Do you want a way for your child to improve their critical thinking skills, learn how to focus, and get better at problem solving? Look no further than online chess for kids!
One of the best ways for young children to learn anything is for the topic in question to be both educational and fun. Chess, being a game first and foremost, fits this description perfectly and allows kids to learn and enjoy themselves while doing so.
Chess is a game that stimulates the mind, teaches patience, and fosters problem solving skills, giving students of the game the perfect balance between enrichment and enjoyment. Online chess for kids allows children to learn from the comfort of their own homes, at their own pace, and do something fun in the process.
There are plenty of ways to get into online chess for kids, but one of the best is to use a professional school of online chess instruction. In this environment, children are given all the tools they will need to succeed, with lessons ranging from the basic rules of chess to more advanced strategies that will improve their playing immensely. Keep reading to find out how your child can get into online chess for kids in the best way possible by learning a few key classes, and enjoying fun classes, apps, and games!
How to play chess for kids
How can kids jump right into playing chess for the first time? Let's look at a few of the basic rules of chess so that way young learners can start playing games on their own.
1. Piece movement
The first step in learning chess is to understand how the pieces move:
- The Rook moves forward, backward, and side-to side as many spaces as it wants.
- The Bishop moves diagonally as many spaces as it wants.
- The Queen moves all the ways a Rook and Bishop can, so forward, backward, diagonally, and side-to-side, as many spaces as it wants.
- The Knight moves in an “L” shape a total of three spaces, and is the only piece that can jump.
- The King moves all the ways a Queen can, but only one space, instead of as many as it wants.
- Finally, the pawns can only move forward one space, unless they are in their starting square, then they can move two spaces, and they capture diagonally.
2. Capturing pieces
After learning how all of the pieces move, the next step in the game is to understand how to capture pieces. Each piece can capture or take any other piece on the board, excluding the King, more on that a little later.
For example, a Rook can capture a Bishop by moving forward, backward, or side-to-side if the Bishop is in the Rook’s row or file. Similarly, the Queen can capture a Knight by moving forward, backward, side-to-side, or diagonally, as long as the Knight is in the Queen’s row or file.
Knights, however, can only capture what they finish their “L” shaped move on, and pawns can only capture pieces one space diagonally from them. Unlike all of the other pieces, pawns do not capture the way that they move.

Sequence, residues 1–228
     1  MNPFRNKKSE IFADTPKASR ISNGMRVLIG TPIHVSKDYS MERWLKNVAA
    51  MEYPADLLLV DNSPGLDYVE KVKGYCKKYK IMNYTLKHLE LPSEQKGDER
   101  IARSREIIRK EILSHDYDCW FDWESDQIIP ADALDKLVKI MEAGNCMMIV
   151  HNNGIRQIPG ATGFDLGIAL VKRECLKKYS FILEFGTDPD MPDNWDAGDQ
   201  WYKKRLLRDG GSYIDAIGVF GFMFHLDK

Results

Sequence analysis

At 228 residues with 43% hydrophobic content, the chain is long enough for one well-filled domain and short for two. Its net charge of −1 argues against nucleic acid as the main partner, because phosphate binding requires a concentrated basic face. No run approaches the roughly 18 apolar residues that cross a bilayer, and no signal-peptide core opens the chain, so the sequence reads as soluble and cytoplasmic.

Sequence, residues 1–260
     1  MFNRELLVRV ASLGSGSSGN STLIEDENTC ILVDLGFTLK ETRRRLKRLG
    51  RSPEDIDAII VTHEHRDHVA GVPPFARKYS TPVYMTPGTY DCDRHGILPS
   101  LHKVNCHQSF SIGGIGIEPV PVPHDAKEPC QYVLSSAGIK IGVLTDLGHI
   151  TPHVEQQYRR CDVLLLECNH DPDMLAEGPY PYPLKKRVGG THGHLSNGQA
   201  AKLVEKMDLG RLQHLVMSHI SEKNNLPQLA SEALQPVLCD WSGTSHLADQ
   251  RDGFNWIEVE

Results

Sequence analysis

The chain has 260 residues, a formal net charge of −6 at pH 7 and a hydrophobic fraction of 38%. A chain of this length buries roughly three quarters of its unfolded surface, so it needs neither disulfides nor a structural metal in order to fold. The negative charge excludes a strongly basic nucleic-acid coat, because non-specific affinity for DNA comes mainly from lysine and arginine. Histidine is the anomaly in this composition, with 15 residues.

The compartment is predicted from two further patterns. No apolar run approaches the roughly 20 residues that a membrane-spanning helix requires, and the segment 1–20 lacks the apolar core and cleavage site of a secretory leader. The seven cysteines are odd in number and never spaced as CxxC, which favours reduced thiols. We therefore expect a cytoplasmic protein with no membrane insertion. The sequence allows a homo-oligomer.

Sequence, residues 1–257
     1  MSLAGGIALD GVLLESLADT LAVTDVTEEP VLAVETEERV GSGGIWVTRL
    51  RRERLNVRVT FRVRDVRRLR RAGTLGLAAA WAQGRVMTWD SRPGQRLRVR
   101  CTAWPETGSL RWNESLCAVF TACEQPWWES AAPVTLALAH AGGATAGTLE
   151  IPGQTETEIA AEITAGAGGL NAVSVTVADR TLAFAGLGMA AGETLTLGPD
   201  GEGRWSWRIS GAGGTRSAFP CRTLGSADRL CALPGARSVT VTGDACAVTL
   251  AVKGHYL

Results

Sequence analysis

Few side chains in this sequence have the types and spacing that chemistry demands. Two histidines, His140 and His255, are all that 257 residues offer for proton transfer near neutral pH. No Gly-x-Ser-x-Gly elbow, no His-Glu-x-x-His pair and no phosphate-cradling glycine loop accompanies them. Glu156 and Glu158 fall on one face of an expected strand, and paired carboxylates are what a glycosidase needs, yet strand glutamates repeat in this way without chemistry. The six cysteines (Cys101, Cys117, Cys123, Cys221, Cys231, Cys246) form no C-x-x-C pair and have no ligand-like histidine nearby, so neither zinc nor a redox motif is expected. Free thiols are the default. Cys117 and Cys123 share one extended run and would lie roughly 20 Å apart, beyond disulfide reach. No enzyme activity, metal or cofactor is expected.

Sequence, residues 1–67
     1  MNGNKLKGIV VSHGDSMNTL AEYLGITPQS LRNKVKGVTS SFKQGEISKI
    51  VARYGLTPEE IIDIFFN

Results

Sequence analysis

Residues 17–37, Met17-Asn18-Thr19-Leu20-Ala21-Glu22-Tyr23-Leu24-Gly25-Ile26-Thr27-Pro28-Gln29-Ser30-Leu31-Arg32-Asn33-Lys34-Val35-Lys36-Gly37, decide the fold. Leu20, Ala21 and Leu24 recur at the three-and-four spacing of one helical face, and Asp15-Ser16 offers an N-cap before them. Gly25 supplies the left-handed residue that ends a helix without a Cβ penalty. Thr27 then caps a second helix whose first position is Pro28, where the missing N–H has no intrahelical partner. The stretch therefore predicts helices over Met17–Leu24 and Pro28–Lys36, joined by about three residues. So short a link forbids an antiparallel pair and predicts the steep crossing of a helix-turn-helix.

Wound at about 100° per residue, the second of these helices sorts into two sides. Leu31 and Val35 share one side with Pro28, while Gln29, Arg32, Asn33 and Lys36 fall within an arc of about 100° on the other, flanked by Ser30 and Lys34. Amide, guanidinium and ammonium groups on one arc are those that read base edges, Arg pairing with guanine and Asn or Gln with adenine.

3. Check and checkmate
The third step is understanding the goal of the game, which is check and checkmate. Remember that all pieces can be captured except the King, so how do you take him? Well, to “capture” the King a player must put the King in check and then eventually checkmate. Checking the King means attacking it with another piece, such as a Queen or Bishop. The player whose King is in check must find a way to move the King out of danger, or use a different piece to capture the attacking piece or protect the King by moving to block the attacking piece. If the players whose King is in check cannot do this, then the King is in checkmate and the player who is checking the King wins the game.
The next step is understanding some of the special moves in chess, such as Castling. Castling is when the King and Rook move in a way that protects the King and brings the Rook out into the center of the chess board so the player can more easily use it. In order to Castle, both the King and Rook must not have moved at all during the game, the King must not be in check, and there can be no pieces in between the King and the Rook. If all of these conditions have been satisfied, then the player can Castle, moving the King two spaces instead of one, and moving the Rook to jump over onto the other side of the King. In this way, the King is now better protected, and the player has access to their Rook throughout the rest of the game.
5. Staircase Checkmate
The final step is to start to use various strategies to help hone your new chess playing skills. One of these strategies is the Staircase Checkmate, which uses a Queen and a Rook to checkmate an opponent’s King. Start by choosing on which edge of the chess board you will checkmate the King, and use the Rook to block the King from moving the opposite direction. Then, after the opponent moves, use the Queen to check the Queen in the King’s row or file. After that it is just rinse and repeat, with the Rook checking the King, followed by the Queen, until you have walked the King up or down the staircase to the edge of the board, and it has nowhere else to move, resulting in checkmate.
What is the best online chess for kids?